Feelings, emotion, and consequences of knowledge.

A feeling is a body sensation.
We feel while we do things, and we feel about things.

I often go to this paper when an opportunity to offer information about, or contrast a popular misconception of feeling and/or emotion comes up. Maps of Subjective Feelings. One specific figure is very useful.

The image from the paper is a map of body feelings reported by a group of people while they were doing or experiencing 100 things. The colors indicate presence and intensity.

I’m going to discuss the categories out of order. I’m sure plenty of people will have criticism about the categorization of individual items or whole categories, I do too. But I want to emphasize the general embodied nature of feelings independent of our ability to categorize them.

Homeostasis is your feeling of of your body’s basic system status. Oxygen, hydration, nutrition…and lack thereof. Your meat computer has wiring for the status, location and integrity of it’s parts. A related part of the nervious system is the “enteroception”, or the parts that have to do with your ability to feel your body. Incoming sensory pathways for skin, meat, bone, organs…

Illness is your feeling of infection, injury, hangover…you feel the damage, chemical driven metabolic change, and reaction to microbial invasion of yourself.

Cognition is your feelings associated with mental tasks and experiencing it as an action. I can feel the increased blood flow in my head, often in specific locations.

Unknown, look for yourself and see what you think. I’m interested in a more general point.

These first four are feelings of yourself as an object. A running biological being of 44 segments if you go by nerve pairs. An apatite mounted tube of eukaryotes.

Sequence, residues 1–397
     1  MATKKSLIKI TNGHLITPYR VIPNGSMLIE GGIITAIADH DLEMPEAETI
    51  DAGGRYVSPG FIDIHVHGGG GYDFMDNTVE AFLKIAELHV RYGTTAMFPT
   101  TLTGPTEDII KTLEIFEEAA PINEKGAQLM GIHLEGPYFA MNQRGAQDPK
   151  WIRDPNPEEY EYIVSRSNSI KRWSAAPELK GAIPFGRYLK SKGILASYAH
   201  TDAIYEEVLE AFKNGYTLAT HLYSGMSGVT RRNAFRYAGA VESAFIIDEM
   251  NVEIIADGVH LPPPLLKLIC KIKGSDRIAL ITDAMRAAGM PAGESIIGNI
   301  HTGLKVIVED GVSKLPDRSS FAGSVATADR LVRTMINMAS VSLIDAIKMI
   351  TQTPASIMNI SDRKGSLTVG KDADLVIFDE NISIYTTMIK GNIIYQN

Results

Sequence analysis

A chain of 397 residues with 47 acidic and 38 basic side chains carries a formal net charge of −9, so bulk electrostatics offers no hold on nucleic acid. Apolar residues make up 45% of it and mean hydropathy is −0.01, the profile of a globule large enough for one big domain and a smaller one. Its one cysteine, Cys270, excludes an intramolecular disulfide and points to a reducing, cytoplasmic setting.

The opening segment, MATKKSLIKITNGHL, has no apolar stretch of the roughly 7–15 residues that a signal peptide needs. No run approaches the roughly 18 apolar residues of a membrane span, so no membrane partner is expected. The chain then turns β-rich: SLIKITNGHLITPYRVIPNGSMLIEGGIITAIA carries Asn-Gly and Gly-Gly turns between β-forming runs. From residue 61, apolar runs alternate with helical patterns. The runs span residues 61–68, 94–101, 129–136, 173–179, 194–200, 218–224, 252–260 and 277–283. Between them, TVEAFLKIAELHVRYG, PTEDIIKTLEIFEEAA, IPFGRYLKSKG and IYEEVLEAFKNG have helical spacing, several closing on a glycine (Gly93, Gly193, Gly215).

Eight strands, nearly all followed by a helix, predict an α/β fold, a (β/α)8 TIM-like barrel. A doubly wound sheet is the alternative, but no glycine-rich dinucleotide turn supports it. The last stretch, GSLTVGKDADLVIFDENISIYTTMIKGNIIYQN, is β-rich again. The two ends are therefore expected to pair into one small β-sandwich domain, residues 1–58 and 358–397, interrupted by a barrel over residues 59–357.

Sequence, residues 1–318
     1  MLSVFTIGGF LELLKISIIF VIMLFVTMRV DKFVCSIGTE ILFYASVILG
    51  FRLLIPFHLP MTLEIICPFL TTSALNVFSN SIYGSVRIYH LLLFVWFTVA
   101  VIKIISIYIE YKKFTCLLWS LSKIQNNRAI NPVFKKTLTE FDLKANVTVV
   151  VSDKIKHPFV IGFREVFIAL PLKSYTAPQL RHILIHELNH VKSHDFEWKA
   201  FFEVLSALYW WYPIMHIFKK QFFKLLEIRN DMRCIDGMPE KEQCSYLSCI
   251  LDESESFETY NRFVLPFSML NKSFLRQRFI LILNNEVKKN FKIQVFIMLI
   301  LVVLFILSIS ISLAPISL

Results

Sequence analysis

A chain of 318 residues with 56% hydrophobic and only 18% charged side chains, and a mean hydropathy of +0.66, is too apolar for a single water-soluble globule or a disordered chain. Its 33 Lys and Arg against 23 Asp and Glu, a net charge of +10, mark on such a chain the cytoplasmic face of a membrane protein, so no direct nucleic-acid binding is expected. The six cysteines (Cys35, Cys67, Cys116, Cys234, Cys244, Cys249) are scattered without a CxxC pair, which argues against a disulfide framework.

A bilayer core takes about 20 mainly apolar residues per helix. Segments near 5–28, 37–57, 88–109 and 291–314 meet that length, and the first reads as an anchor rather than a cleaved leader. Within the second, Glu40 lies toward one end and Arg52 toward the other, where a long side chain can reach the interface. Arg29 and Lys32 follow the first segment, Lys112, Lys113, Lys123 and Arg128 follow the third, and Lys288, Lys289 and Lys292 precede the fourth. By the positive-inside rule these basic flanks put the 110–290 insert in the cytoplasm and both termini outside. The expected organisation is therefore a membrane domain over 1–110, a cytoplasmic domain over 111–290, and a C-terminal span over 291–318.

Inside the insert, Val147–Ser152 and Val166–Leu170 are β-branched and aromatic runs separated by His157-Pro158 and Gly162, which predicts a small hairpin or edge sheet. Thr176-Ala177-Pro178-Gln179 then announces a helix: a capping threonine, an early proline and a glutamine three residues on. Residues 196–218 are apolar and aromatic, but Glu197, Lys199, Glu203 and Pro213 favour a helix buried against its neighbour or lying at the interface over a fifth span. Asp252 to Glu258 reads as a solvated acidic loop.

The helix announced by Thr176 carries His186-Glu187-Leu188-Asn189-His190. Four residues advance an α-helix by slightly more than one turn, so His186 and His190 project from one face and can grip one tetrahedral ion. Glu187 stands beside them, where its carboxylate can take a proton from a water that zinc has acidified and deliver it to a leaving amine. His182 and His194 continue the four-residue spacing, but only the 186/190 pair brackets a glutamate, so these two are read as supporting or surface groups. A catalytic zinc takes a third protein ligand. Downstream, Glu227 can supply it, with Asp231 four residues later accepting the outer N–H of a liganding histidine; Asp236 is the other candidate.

There is a lot of individual diversity here and things like mindfulness meditation focused on your body would have the effect of increasing the resolution of your feeling of yourself, and that component of emotion.

Feeling and emotion.

Emotion, both positive and negative emotion, is a more complex thing than the mere feeling of the body.

There is a relationship between feeling and emotion. Feeling is in the body, but emotion involves feeling about objects we see, hear (words are objects), touch and experience through “exteroception”, or the parts that have to do with your sensory organs that detect objects outside of yourself. Eyes, ears, skin…

The objects we store in our minds through exteroception are associated with the enteroception feelings we were having while we stored the memory of the object. That includes our bodies as objects making three important categories of feelings:

  1. The enteroception feelings associated with our bodies as functioning objects.
  2. Our feelings about exteroceptive objects outside of ourselves. Body states recorded as we interact with objects.
  3. Our feelings about our bodies as objects. Body states recorded as we interact with ourselves as objects.

That’s how we store our sense of goodness or badness of something, or “valence” in brain science language. Exteroception gets bound to enteroception in memory which lets us have feelings about things.